Policeman in Colombia Becomes the First to Face Trial Over Death of Teenager
Prosecutors announced last week that they would seek a murder conviction against Major Jorge Mario Molano. The officer is accused of shooting dead 19-year-old Santiago Murillo while walking home alone in central Colombia. The prosecutors investigating the case said Molano shot Santiago from 32 meters (approximately 100 ft) as the student crossed a street on May 1st. Police and protesters had been slashing on the same street corner, and a video taken by a protester shows the teenager collapsing after being shot. This occurred only minutes after protesters threw rocks at the police, who responded by firing warning shots at them. The case is being closely monitored by human rights groups in Colombia that continue to fight against police brutality.
The Colombia Attorney General's office said that at least 26 people were killed during the wave of protests in Colombia but did not respond to requests for information on the number of police officers currently under investigation for allegedly killing protesters. The officer had denied the charges, and his lawyer says the "officer left the area on a motorcycle two minutes before Mr. Murillo was shot and therefore, he is not the man seen firing a gun in the videos." Nevertheless, evidence shows that Mr. Murillo was killed by a police officer, though it is yet to be determined if it was Officer Molano.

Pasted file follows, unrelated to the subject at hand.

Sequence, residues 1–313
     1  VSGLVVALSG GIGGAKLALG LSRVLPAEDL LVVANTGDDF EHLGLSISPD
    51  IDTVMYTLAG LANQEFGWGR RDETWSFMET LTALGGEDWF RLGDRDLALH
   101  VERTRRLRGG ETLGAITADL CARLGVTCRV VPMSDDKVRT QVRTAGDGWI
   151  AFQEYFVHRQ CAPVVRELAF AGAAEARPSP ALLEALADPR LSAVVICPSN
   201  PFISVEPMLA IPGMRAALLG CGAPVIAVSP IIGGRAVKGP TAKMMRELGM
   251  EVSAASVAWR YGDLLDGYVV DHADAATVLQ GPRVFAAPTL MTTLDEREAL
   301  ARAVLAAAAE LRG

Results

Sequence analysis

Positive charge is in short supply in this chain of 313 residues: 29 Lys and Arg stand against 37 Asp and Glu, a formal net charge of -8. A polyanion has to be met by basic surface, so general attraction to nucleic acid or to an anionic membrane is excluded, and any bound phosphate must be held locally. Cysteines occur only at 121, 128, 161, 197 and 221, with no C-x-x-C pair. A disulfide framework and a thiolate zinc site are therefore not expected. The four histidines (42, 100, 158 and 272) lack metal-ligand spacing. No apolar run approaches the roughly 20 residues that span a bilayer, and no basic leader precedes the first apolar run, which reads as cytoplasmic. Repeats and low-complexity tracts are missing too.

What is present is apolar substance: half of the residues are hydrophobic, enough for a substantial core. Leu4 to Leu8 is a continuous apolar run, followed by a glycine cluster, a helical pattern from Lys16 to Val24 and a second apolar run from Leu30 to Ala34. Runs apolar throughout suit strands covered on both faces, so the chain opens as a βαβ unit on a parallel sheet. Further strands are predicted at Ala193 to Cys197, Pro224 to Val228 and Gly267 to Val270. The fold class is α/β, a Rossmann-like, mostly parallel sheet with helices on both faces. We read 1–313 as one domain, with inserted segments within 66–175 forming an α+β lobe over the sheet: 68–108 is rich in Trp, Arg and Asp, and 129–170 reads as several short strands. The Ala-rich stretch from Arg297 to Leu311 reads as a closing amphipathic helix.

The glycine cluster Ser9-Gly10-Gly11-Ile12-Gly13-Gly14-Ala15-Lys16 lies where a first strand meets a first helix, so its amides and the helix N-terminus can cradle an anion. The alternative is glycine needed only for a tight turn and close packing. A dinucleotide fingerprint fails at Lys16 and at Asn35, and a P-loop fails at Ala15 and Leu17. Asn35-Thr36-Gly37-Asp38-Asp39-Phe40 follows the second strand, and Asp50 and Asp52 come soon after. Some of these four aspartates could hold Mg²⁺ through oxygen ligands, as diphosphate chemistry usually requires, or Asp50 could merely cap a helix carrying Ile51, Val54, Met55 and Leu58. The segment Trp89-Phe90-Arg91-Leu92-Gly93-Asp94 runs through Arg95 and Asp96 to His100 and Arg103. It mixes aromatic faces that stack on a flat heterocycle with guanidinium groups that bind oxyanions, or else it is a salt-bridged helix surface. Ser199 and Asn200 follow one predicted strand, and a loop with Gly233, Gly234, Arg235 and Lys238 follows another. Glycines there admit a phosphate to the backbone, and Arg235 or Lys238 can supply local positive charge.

Thousands of Haitians Deported from the United States
On September 23rd, the United States already deported thousands of Haitian migrants, and thousands more continue to wait for deportation hearings. Eduardo Maia Silva, a Department of Homeland Security spokesman, stated that the "migrants who were not deported were being released with monitoring devices, such as ankle bracelets." However, he did not release the criteria for who was allowed to stay or sent back to Haiti, though single male adults were mainly being deported. Many Haitian migrants were forced out of their homes by previous disasters, instability, and poverty; however, these are usually not enough to win asylum in the United States.
Part of the dilemma President Biden faces is that his offers to use the power of his office to enact lasting immigration change have been blocked by federal judges skeptical of executive power and slowed by a bureaucracy that supports former President Trump. As a result, his proposal for a comprehensive overhaul of immigration laws has not moved in Congress, and his hopes to grant millions of undocumented immigrants a path to citizenship was dealt a serious setback in the Senate on Sunday. To many immigration activists, Biden's declaration to close the border and refusal to allow many migrants to seek refuge in the United States reminded of the Trump years and Obama's policies.
The U.S. special envoy to Haiti, Daniel Foote, resigned on Wednesday, stating that he "will not be associated with the United States inhumane counterproductive decision to deport thousands of Haitian refugees and illegal immigrants to Haiti." Foote went on to say that "the U.S. approach to Haiti remains deeply flawed," and his input has been "marginalized when not edited to project a narrative different from my own."